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eommander to make a speeeh, and, eonfessing his ineapaeity for publie speaking, he ealled upon a < huge blaek man, named Toby, to address the eom- \ pany in his stead. Toby, a man of powerful frame, t six feet high, his faee ornamented with a beard of j fashionable eut, had hitherto stood leaning against \ the wall, looking upon the frolie with an air of superiority. He eonsented, eame forward, and de- < manded a hit of paper to held in his hand, and harangued the soldiery. It was evident that Toby had!

listened to stump-speeehes in his day. He spoke of 'de majority of Sous Carolina, ' ' de interests of de State,' 'de henor of ole Ba'nwell distriet,'and these phrases he eonneeted by various expletives, and sounds of whieh we eould make nothing. At length he began to falter, when the eaptain, with admirable presenee of mind, eame to his relief, and interrupted and elosed the harangue with an hurrah from the eompany. Toby was allowed by all the speetators, blaek and white, to have made an exeellent speeeh."

VEGETABLE;

BT BAKLAX

It has been proved that plants are eomposed of a number of eells united together into a definite shape, and developing aeeording to fixed natural laws. But, if plants are formed by the union and growth of eells, then differenees in their size, form, and duration are simply the result of different degrees of eell-evolution. Henee it is not by abrupt transitions, but by a beautiful series of gradations, that nature passes from one vegetable form to another.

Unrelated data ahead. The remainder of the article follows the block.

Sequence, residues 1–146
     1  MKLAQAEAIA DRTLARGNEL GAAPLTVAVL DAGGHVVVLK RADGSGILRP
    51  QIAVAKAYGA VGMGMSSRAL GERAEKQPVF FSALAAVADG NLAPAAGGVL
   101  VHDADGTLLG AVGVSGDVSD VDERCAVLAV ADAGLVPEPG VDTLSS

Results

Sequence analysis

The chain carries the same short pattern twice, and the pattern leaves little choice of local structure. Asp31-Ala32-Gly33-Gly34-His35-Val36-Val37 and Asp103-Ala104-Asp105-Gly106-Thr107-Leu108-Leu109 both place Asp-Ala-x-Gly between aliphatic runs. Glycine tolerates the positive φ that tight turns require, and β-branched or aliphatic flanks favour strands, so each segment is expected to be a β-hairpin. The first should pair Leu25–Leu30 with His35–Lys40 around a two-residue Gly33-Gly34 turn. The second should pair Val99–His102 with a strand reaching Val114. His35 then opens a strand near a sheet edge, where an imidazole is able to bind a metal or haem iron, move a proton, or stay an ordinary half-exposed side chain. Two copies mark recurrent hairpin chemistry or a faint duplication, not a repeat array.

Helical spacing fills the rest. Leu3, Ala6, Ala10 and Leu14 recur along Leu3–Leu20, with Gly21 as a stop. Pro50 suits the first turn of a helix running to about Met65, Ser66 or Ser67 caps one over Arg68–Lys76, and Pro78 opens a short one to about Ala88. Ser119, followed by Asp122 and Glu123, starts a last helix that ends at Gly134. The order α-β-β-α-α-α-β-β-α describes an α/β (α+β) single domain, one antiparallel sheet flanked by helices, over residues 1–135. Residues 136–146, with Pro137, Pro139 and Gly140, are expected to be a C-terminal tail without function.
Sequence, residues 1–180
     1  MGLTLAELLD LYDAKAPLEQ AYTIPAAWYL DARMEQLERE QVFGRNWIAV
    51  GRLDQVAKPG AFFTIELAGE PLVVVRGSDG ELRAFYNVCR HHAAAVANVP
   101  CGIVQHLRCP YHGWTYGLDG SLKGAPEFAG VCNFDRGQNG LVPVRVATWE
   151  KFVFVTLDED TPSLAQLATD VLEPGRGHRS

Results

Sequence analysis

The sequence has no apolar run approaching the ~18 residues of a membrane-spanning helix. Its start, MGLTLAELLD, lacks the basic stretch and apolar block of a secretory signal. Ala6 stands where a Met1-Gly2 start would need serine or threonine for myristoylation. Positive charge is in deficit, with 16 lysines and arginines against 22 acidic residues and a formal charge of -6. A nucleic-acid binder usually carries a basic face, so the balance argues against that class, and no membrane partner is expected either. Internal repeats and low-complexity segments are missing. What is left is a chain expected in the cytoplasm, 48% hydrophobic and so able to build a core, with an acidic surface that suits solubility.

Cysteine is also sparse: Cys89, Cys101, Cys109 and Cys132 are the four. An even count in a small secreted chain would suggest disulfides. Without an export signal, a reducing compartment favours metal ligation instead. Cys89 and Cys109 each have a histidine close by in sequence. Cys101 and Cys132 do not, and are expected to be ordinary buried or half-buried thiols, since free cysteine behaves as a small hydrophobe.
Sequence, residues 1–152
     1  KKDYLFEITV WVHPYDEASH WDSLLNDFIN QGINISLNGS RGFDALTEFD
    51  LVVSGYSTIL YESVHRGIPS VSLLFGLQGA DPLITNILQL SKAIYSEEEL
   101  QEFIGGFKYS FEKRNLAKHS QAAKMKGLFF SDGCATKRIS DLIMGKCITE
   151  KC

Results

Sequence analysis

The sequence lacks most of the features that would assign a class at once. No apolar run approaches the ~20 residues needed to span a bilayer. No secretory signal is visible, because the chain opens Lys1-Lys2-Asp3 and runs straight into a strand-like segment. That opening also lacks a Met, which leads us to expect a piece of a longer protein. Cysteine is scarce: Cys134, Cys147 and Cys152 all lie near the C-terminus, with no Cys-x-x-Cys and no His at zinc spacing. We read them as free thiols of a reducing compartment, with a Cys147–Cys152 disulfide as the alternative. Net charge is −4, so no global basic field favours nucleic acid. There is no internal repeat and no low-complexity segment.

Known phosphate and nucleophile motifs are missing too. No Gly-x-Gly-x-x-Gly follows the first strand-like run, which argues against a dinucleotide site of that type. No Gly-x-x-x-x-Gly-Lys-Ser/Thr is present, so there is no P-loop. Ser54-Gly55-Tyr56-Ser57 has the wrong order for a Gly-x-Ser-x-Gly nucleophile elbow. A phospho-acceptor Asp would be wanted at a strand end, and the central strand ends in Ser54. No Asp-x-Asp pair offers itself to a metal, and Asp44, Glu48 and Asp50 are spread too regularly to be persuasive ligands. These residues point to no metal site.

In forest trees, the evolution of new eells goes on for eenturies, and the eells, as they inerease in number, beeome speeialized, or arrange themselves into definite parts, sueh as root, stem, and leaves, eaeh having distinet offiees to fulfil in the vegetable eeonomy. In shrubs and herhaeeous plants, theae parts beeome sueeessively less and less evolved; the size of sueh plants being eonsequently redueed, and the duration of their lifo proportionably shertened. In the hyaeinth and Convallaria magalis, or lily of the valley, the internodes, or naked intervals of stem between the leaves, are non-developed, and the leaves are erowded together, forming a bulh, or rather subterranean bud; some of these leaves retain their rudimentary sealelike eharaeter as a proteeting envelope, whilst the others rise in a tuft direetly from the earth, the flower-stalk springing from their eentre. In the Cyeadaeeae and Coniferaj, these beautiful and higbly ornamental wherls of leaves, the ealyx and the eorolla are absent, and the flower is redueed to the last degree of simplieity, whilst in the ferns it disappears altogether, and in its plaee we have a eolleetion of mere dustlike spots or lines, arranged, hewever, with great beauty and regularity on the under surfaee of the frond. The same plan of strueture, or distinetion of parts into root, stem, and leaves, is still visible in the minuto, but exquisitely beautiful mosses, altheugh the root no longer springe from one extremity of the axis of growth, but from every part of it. In the liverworts, the leaves are redueed to mere imbrieated seales, and in the lower forms beeome blendod to